Pillow Talk - Advocacy Tip #3 - Due Diligence: Know Your Elected Officials
Opposition research, the dark art of politics, seeks to learn anything and everything about a candidate’s political opponents. Often associated with dirt-digging, closeted skeleton re-animations, and gutter dwelling, mudslinging, this seamier aspect of realpolitik deters many good people from seeking elected office. The shadows, curses, hexes, jinxes, charms, and creatures of political warfare rarely rise to Hogwarts level, and the truth is the best defense against political rumors and tabloid innuendos.
Not all political research is bad. In fact, the more you know about an elected official, the more effective your advocacy will be. Think of this activity as advocacy due diligence. You wouldn’t acquire an asset, hire an employee, or sign a lease with a resident without doing a thorough background check and analysis. Gathering knowledge is part of every multi-housing owner’s/operator’s repertoire.
Due diligence on elected officials means knowing as much as possible about their: 1) likes and dislike; 2) education and professional background; 3) previous government experience; 4) community involvement; 5) family and socio-economic status; 6) their constituent’s demographics and district boundaries, and 7) voting records; 8) friends and influencers; 9) opponents and enemies; and, most importantly, 10) the results of the most recent election.
This list is not exclusive nor exhaustive, but it a great place to start. Knowledge is power, but knowledge also affords you the opportunity to connect with an elected official in a meaningful way.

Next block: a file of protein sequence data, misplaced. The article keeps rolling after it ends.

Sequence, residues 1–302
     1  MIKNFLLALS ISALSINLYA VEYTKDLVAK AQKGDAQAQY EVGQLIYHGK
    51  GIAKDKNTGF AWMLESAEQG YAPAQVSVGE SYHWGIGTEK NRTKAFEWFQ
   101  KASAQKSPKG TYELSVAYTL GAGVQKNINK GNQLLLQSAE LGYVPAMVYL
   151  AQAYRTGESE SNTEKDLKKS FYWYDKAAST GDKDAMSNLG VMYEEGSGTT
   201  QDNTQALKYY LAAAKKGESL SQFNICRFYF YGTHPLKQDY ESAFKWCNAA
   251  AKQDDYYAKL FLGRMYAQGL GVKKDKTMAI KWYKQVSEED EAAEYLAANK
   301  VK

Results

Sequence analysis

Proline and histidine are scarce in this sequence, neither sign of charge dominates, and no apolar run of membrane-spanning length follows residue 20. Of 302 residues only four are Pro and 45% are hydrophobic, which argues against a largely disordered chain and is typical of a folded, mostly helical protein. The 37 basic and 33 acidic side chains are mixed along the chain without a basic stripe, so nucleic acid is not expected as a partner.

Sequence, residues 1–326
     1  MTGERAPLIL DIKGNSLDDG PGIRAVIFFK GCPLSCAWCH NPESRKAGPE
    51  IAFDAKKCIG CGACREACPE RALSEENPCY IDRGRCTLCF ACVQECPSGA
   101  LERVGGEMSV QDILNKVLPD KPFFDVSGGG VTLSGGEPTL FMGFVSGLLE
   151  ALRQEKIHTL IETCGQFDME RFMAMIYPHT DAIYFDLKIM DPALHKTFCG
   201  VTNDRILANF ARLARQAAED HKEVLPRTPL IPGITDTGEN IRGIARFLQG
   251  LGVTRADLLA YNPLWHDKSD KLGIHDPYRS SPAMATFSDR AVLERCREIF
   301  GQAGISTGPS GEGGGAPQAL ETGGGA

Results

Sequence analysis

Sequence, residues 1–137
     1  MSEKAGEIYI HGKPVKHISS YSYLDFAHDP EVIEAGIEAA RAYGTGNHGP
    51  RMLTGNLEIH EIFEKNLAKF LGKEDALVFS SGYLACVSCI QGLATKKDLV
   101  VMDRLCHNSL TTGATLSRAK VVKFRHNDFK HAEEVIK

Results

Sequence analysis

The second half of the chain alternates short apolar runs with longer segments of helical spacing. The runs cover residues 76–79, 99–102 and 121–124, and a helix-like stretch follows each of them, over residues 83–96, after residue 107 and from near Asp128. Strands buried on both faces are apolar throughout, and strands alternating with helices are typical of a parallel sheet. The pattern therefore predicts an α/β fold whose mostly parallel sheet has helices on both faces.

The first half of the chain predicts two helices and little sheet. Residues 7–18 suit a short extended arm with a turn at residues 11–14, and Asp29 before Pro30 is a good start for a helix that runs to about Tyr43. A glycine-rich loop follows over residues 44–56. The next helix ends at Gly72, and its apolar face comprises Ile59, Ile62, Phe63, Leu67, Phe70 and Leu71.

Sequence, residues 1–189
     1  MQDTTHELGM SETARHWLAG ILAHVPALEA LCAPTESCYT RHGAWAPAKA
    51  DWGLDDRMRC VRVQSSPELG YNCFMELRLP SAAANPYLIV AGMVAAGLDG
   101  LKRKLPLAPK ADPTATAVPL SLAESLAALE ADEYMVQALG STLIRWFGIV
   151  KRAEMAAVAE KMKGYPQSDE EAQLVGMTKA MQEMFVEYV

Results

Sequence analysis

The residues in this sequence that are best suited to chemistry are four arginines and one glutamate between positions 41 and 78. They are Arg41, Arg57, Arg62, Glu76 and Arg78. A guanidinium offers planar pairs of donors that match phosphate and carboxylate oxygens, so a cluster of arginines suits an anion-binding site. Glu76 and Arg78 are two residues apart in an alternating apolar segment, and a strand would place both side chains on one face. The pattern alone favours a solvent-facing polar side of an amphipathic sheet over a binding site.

For instance, it is good to know that Congressman Marc Veasey (D – TX 33) grew up in affordable housing in west Fort Worth and often moved as a child. It is good to know that Fort Worth Mayor Betsy Price went to the same high school as Congressman Roger Williams (R 0 TX25) and former Congressman Pete Geren. It is great to know that Arlington City Council member Helen Moise has her CPM and that her daughter works in our industry. It is even better to know that state representatives Stephanie Klick (R- HD91) and Craig Goldman (R- HD97) are AATC members.
AATC, TAA, and NAA government relations staff will provide you background on elected officials and their staff prior to meeting with them. Invest whatever time it takes before your meetings to learn this information and do your research.
Your goal is to find a connection point—something or someone that personally connects you to that elected official. Perhaps you attend the same church, your kids play in the same soccer league, or you have a mutual friend. When that government official sees your face, you want them to call you by your first name and ask you about that mutual connection.
Impactful advocacy occurs when you have a conversation as friends. Knowledge builds that partnership bond. Life is about who you know; effective advocacy is about what you know about who you know.
Perry Pillow is AATC’s Director of Government Affairs. For more information, contact Perry at firstname.lastname@example.org or call 817-616-0354. This article is a repost from AATC's Dimensions Magazine. View the full article here: http://dimensionsmag.org/pillow-talk-advocacy-tip-3-due-diligence-know-your-elected-officials/